Automated Suppression - Clinical Impact

This content includes information linking Environment of Care and Life Safety Code deficiencies and their impact on patient care and patient safety.

LS.02.01.35: The organization provides and maintains systems for extinguishing fires

LS020135 Automated Suppression 

Features of Fire Safety

Clinical staff must have a basic understanding of the Features of Fire Safety as they work in the healthcare environment. In this environment we do not evacuate immediately in a fire or other emergency condition, but rather ‘defend in place’ by keeping the patients in their beds and rooms. This is possible because of how our hospitals are built, the protection such as sprinklers, and other features of fire safety. Some of the features of fire protection are obvious to the staff and public, others are not. For example, sprinklers in the ceiling are easily seen.

Compliance

The Joint Commission and CMS, as authorities having jurisdiction who have adopted the National Fire Protection Association Life Safety Code, include enforcement is part of accreditation. CMS has adopted the NFPA codes by federal statute, which is why issues like compliance with these Codes is not an option but a requirement.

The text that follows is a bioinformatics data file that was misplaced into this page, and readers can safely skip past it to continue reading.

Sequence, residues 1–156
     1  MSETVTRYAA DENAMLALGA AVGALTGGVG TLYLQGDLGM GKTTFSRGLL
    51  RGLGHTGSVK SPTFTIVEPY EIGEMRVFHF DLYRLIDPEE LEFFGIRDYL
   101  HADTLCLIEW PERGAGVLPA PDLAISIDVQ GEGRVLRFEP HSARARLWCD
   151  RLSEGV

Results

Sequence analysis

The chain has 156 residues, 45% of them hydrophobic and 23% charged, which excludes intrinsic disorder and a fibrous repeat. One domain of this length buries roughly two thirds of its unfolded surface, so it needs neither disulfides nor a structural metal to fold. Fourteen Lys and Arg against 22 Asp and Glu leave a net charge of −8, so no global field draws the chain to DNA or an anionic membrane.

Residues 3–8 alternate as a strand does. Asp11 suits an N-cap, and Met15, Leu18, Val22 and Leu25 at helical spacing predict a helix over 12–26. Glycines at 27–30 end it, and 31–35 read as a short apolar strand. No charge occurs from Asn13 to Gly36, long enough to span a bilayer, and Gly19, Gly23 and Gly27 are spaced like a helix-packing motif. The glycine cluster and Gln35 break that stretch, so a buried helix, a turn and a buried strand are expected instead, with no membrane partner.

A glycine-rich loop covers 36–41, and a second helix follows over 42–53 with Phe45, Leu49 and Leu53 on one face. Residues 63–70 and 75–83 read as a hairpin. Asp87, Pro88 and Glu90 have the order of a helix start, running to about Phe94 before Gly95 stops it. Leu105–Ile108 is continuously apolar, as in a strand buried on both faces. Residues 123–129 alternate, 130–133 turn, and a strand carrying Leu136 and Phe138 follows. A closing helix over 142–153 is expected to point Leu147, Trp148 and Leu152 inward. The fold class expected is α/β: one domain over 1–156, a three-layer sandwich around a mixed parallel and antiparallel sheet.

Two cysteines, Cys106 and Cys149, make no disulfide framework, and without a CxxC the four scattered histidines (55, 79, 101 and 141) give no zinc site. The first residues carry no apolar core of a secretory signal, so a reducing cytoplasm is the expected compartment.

Many of these Features of Fire Safety are automatic and do not require staff intervention, such as the sprinkler system activation. Others, such as using portable fire extinguishers are dependent on staff to understand how to use them. It is crucial all staff have a basic understanding of how these features work to protect them and their patients or visitors. The tests and inspections ensure the reliability of the systems; the staff training ensures staff are able to respond. Together we have an environment to protect patients.

The sprinkler system is a series of sprinklers that activate in the presence of fire. Each individual sprinkler reacts independently of each other, depending on where the fire is concentrated. Hanging decorations or other materials from the sprinkler head may either cause an unintentional activation of the sprinkler system or compromise the activation during a fire event, and should never occur.